From rethinking Cold War Burma to Brexit and the World Wars, here are this week’s top picks in imperial and global history.
Sources and Methods
Burma sat at a major crossroads in the global Cold War. Today, its archives invite attention. Few studies of the Cold War dwell on the Union of Burma. Even those attentive to the global dimensions of the Cold War tend to view Burma peripherally, as a lens to study late-colonial Britain or worse still, as a passive bystander to China’s reach into Southeast Asia.
However, a wealth of documents in the National Archives of Myanmar tells a different story of Burma’s foreign policy in the early Cold War period. As a stalwart defender of neutralism, Burma sat at a crossroads, between the north-south axis of the Cold War and the south-south axis of the Third World. This rich and turbulent period in Burma’s history is an overlooked but valuable means of understanding the Third World. [continue reading]
History & Policy
Post-Brexit UK-European Union (EU) trading relations will take one of three forms:
(1) The UK will remain part of the EU customs union
(2) UK-EU trade will be governed by World Trade Organisation (WTO) rules
(3) The UK and EU will enter a free trade pact.
Option (1) is economically optimal but has been declared politically unfeasible because it requires the UK to commit to the free movement of labour between the EU and the UK. Such conditionality is essential because economies grow unevenly and, in the absence of independent currencies across Europe and/or a central European state to pool the risk of unemployment, free movement of labour is the mechanism for redistributing the gains from EU growth. Economics (not history) is the best guide here. [continue reading]
This short piece focuses on mapping and evaluating some of the expectations of International Relations (IR) theory with regard to the potential effects of Trumpism and the illiberal turn in world politics on war and peace. Obviously, there is a high degree of uncertainty here, but that does not mean that such an intellectual exercise cannot be helpful in highlighting some of the potential consequences of the major changes taking place on the important subject of war and peace. The mere fact of rising uncertainty in international politics is, by itself, going to have some significant effects, which we should try to explore.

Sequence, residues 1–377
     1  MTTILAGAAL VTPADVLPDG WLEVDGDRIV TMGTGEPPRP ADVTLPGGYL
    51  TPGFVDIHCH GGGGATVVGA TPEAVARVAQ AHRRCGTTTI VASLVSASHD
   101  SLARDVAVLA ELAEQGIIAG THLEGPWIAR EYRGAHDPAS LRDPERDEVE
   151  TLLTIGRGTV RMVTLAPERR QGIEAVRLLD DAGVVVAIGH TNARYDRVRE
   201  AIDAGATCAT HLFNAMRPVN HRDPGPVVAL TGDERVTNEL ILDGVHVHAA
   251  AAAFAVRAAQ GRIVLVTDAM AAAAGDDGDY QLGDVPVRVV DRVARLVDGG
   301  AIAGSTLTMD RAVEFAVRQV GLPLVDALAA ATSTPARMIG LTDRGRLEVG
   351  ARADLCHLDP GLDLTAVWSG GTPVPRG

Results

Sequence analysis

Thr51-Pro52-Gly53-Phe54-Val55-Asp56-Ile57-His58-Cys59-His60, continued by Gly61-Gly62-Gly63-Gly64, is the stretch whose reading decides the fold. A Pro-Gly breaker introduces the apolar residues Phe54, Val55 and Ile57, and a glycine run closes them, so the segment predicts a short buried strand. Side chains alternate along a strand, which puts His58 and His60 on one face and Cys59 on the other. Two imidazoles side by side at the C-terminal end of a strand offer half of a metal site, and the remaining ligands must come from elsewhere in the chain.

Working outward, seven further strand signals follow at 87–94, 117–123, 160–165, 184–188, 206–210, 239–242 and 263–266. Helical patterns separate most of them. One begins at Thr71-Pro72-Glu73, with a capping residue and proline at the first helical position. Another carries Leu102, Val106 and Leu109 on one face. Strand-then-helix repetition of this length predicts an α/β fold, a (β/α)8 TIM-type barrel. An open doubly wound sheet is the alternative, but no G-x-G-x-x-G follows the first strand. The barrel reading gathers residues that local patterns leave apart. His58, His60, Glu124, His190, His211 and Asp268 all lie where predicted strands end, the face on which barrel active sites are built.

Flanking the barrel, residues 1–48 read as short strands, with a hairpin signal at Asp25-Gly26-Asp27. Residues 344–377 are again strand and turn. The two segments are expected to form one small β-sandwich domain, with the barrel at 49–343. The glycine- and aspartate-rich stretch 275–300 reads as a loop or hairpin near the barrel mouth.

The election of Donald Trump and other nationalist challenges to the post-Cold War liberal order raise concerns about the increasing danger of armed conflicts. Many observers believe that various components of the U.S.-led liberal international order have promoted international peace and cooperation despite the emergence of some dangerous conflicts in recent years. [continue reading]
In 1947 Julian Huxley, English evolutionary theorist and director-general of UNESCO, wrote Mohandas Gandhi to ask him to contribute an essay to a collection of philosophical reflections on human rights. Gandhi declined.
“I learnt from my illiterate but wise mother,” he replied, “that all rights to be deserved and preserved came from duty well done. Thus the very right to live accrues to us only when we do the duty of citizenship of the world.” Huxley should not have been surprised by the rejection. As far back as Hind Swaraj, his masterpiece in political theory, Gandhi had bemoaned “the farce of everybody wanting and insisting on … rights, nobody thinking of … duty.” [continue reading]
No one knows what Brexit means, but it’s now happening. Theresa May has pulled the trigger and the Great Escape is on. In two years we will be in heaven or hell – depending on who you believe – or perhaps in a no man’s land of red tape, temper tantrums and perpetual negotiation. But one thing is certain: Great Britain is unlikely to escape from its World Wars. They are a distinctive part of our identity, to a degree that often surprises and puzzles our neighbours on the Continent.
In my recent long article for the Historical Journal entitled ‘Britain, the Two World Wars, and the Problem of Narrative’ I explore why we Brits have had such difficulty coming to terms with our twentieth-century past. The rolling centenary of 1914-18 has shown anew that we still find it difficult to construct a satisfying narrative of the Great War, with a stark moral meaning. That has never been a problem for 1939-45 which, as I explain, achieved almost immediately its iconic status as Britain ‘finest hour’ – helped by Churchill as the Great Narrator. [continue reading]